Next, hard transparent stamps with protruding pillar arrays, which were replicated from Si master patterns, were applied in the NI step, as shown in Fig. 1(c). Three types of stamps were applied: a hexagonal array with 150-nm diameter and 300-nm-high nanopillars, a hexagonal array with 200-nm diameter and 250-nm-high nanopillars; and a hexagonal array with 265-nm diameter and 270-nm-high nanopillars. Their pattern periodicity was identically twice of their diameters. The given pattern sizes were chosen to minimize the nonradiative PL decay.27 Bilayered resists were imprinted under increasing pressures up to at 150°C for 20 min in a vacuum chamber, and then subsequently exposed to a UV lamp (energy intensity ) for 3 min while imprinted with the stamp. The quality of the pattern transferred to the underlying UV-curable resist was evaluated after mold release and removal of upper thermal resist layer. The thickness of the thermal resist was optimized to more effectively transfer the pattern to the underlying UV resist layer; the optimal thickness for the thermal resist layer was found to be , which could be achieved through adjustments in dilution, spin speed, and spin time. A 25- to 30-nm layer of Ag was then evaporated onto the device using an in-house electron-beam evaporator, as shown in Fig. 1(d), to fill the holes on the bottom side of the UV-cured resist layer. The Ag deposited on the tops and sidewalls of the imprinted holes on the upper thermal resist was then easily removed along with the thermal resist in acetone under ultrasonication for 5 min, as shown in Fig. 1(e). Thus, Ag remained only in the imprinted holes on the UV-cured resist, thereby completing the embedded Ag nanopattern configuration. Reference samples for comparison were made with protruding dot-shaped Ag nanopatterns. These counterpart samples were fabricated by Ag lift-off on the predefined NI patterns using lift-off resist and a Si-based etch mask material.15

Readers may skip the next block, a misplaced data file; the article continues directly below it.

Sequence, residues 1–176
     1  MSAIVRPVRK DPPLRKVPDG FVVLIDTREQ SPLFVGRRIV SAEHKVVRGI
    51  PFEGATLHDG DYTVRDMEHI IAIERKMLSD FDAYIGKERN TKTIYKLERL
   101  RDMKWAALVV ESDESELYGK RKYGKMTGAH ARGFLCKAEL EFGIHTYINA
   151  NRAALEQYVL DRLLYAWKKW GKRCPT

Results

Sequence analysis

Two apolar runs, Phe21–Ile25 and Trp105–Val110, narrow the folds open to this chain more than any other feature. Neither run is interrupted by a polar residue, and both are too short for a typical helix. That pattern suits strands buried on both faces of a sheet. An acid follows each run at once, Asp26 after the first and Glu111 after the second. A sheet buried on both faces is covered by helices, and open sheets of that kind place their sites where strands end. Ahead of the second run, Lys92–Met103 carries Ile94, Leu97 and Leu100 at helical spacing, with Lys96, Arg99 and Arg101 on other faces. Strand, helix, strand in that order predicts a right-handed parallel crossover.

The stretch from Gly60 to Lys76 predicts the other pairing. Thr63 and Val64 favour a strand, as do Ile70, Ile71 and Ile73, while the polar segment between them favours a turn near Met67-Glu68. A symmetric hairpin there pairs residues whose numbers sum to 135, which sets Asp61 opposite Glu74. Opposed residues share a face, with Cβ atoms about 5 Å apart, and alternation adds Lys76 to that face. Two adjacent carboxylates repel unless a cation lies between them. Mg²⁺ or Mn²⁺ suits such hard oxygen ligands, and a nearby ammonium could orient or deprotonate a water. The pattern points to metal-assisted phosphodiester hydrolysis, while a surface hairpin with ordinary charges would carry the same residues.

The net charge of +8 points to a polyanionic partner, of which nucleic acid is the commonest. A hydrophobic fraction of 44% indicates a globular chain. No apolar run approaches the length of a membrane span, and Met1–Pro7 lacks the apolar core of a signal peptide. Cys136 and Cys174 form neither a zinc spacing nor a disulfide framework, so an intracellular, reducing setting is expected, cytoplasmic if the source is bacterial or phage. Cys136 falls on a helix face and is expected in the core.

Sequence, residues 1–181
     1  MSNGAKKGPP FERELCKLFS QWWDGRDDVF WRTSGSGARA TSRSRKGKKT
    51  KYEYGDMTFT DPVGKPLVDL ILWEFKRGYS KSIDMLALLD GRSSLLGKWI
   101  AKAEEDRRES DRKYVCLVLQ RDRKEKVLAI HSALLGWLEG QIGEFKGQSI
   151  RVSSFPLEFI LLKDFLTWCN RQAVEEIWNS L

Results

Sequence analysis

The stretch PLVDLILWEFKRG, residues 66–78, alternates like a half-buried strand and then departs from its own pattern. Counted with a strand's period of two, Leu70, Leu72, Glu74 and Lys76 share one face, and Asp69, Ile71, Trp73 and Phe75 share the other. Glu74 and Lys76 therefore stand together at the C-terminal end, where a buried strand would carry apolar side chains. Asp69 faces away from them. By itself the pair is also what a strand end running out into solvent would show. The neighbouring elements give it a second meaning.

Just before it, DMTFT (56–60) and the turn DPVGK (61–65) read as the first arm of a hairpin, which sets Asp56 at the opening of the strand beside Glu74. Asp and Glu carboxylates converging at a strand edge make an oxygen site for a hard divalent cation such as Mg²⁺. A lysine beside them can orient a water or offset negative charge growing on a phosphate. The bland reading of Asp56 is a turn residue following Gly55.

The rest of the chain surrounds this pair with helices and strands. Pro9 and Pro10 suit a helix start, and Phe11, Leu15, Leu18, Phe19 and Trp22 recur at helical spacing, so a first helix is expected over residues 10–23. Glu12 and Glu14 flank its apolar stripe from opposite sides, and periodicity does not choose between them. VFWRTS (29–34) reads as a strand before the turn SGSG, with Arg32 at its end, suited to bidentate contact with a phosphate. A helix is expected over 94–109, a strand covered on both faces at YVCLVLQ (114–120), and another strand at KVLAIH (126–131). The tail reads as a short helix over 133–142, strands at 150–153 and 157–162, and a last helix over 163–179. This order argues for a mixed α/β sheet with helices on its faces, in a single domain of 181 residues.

The transmittance spectra of the embedded Ag and protruding Ag nanodot samples were measured in the UV-visible wavelength range (NEOSYS-2000, SCINCSO Inc., Korea). Prior to the deposition of PL layer, a 20-nm oxide layer was deposited as a spacer on both the protruding Ag dot-shaped and embedded Ag samples to prevent quenching to eliminate PL quenching. Pre-existing native oxide should add, which was considered to be still in the optimum range (20 to 25 nm) of quenching-resistant thickness of oxide layer.29